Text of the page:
International Handbook on Economic Regulation

International Handbook on Economic Regulation

Elgar original reference

Edited by Michael A. Crew and David Parker

Michael Crew and David Parker have compiled a comprehensive, up-to-date and detailed analytical work on leading research issues in the economics of regulation. With contributions from international specialists in economic regulation, the Handbook provides a comprehensive discussion of major developments in both the theory and practice of regulatory economics. This book will be an indispensable source for both students and practitioners of regulation.

Chapter 5: Utility Regulation and Competition in Developing Countries

Paul Cook

Subjects: economics and finance, competition policy, industrial economics, public sector economics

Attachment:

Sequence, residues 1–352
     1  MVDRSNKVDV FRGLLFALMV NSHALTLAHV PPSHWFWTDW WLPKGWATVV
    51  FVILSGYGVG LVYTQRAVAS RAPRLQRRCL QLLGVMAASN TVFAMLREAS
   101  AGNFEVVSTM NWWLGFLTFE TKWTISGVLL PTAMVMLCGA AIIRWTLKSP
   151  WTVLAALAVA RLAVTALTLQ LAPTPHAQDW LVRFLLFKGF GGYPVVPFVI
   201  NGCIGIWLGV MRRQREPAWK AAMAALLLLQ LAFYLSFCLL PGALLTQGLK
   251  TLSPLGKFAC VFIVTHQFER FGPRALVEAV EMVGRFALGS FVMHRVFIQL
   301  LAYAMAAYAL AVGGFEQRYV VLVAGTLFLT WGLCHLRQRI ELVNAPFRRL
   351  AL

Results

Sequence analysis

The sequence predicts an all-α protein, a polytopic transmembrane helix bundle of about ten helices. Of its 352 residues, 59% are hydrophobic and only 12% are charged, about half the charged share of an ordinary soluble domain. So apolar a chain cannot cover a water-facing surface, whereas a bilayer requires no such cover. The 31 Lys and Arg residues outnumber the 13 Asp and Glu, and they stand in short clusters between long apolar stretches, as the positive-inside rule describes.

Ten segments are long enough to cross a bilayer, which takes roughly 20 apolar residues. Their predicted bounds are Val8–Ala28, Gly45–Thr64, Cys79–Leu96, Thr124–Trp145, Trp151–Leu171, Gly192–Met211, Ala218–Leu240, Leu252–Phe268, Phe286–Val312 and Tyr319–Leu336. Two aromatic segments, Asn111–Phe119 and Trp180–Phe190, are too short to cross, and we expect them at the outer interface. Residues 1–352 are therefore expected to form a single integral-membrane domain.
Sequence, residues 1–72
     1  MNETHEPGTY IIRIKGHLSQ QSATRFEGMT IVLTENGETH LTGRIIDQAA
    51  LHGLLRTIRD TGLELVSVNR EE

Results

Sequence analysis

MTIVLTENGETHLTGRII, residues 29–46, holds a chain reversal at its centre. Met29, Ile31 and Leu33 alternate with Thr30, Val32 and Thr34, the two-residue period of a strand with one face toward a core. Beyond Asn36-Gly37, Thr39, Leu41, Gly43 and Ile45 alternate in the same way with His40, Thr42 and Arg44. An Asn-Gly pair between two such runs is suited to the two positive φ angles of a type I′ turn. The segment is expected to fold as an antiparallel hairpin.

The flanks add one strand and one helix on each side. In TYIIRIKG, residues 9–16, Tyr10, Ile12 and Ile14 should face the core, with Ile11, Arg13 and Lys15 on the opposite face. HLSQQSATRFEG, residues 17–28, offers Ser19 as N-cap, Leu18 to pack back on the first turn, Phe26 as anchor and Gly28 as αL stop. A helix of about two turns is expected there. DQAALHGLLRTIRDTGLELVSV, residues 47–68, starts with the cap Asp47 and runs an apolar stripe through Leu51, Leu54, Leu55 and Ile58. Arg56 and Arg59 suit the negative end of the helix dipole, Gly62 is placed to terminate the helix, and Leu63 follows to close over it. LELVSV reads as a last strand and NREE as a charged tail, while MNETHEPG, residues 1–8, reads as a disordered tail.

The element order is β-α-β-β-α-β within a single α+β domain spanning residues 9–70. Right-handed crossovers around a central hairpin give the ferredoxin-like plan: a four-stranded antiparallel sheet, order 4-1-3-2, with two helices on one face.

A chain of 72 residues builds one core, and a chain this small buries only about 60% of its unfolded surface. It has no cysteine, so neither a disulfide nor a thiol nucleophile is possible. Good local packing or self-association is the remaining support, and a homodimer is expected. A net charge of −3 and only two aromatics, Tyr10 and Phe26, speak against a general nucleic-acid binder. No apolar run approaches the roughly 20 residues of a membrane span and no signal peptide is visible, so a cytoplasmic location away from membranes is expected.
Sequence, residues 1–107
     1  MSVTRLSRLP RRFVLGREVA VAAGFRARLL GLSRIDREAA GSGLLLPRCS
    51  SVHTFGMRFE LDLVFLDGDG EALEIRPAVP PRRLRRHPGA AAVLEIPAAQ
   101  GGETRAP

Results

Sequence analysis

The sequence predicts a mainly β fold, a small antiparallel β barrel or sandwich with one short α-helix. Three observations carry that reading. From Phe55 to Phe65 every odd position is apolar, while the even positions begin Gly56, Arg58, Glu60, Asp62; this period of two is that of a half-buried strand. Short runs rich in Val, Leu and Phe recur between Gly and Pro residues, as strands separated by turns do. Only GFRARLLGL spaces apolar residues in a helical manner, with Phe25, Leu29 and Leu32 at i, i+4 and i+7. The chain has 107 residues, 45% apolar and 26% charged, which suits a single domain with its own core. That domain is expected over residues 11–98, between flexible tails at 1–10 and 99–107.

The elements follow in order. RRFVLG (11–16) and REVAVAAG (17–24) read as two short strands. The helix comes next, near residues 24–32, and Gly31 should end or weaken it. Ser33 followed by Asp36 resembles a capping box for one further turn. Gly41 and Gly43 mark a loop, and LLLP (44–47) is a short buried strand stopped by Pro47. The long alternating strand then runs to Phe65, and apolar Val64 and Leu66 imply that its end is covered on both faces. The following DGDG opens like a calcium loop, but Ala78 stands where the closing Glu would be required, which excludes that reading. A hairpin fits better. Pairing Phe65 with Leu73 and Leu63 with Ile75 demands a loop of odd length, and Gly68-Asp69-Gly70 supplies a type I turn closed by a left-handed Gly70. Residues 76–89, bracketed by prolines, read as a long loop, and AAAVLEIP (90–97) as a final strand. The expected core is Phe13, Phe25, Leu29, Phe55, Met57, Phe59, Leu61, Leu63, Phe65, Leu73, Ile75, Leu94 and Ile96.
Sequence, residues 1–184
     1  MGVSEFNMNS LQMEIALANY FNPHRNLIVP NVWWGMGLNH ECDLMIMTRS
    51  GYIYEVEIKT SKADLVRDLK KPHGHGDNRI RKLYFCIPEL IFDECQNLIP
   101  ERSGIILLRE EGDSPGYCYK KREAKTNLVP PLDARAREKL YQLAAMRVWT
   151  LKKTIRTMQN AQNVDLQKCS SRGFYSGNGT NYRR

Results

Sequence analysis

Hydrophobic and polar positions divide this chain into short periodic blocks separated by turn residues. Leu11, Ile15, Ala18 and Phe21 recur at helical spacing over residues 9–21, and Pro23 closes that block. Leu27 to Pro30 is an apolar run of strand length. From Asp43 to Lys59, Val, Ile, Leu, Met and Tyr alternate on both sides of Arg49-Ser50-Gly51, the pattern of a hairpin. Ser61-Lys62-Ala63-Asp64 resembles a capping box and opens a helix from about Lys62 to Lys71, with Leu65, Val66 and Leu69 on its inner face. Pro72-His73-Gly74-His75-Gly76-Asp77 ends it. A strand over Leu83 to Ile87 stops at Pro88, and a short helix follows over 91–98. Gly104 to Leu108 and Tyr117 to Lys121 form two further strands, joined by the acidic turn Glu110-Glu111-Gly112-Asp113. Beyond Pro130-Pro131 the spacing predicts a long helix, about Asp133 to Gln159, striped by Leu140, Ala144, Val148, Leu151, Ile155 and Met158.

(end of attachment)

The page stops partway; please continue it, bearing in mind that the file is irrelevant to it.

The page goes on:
Paul Cook Introduction Defined as the transfer of productive assets from public to private ownership and control, privatization has continued to grow, particularly in developing and transitional economies. A significant proportion of privatization transactions in the developing economies have entailed sales of public utilities. This chapter will concentrate on regulation and competition in developing countries though many of the arguments apply equally to the transition economies of Central and Eastern Europe and to some developed economies. In general, private participation in economic infrastructure in developing countries has been concentrated in the telecommunications and the electricity sectors. According to the World Bank (2003), between 1990 and 2001 privatization accounted for 41 per cent of total private participation in infrastructure projects in developing countries. The percentage share for cumulative investment in infrastructure with private participation over the same period was 44 per cent for telecommunications and 28 per cent for electricity. The water, gas and transport sectors accounted for a smaller share (World Bank, 2003). Privatization was central to the expenditure reducing and resource switching policies of structural adjustment introduced by the World Bank and the IMF in the early 1980s and pursued vigorously up to the mid-1990s (Cook, 1988; Cook and Kirkpatrick, 1995). The reduction in government expenditure achieved through privatization was viewed as a policy that would improve productive efficiency in the public and private sectors. Liberalization that accompanied privatization was meant to ensure that relative price signals worked and would promote welfare-enhancing resource allocation (Cook, 1997). In practice, policy-makers...

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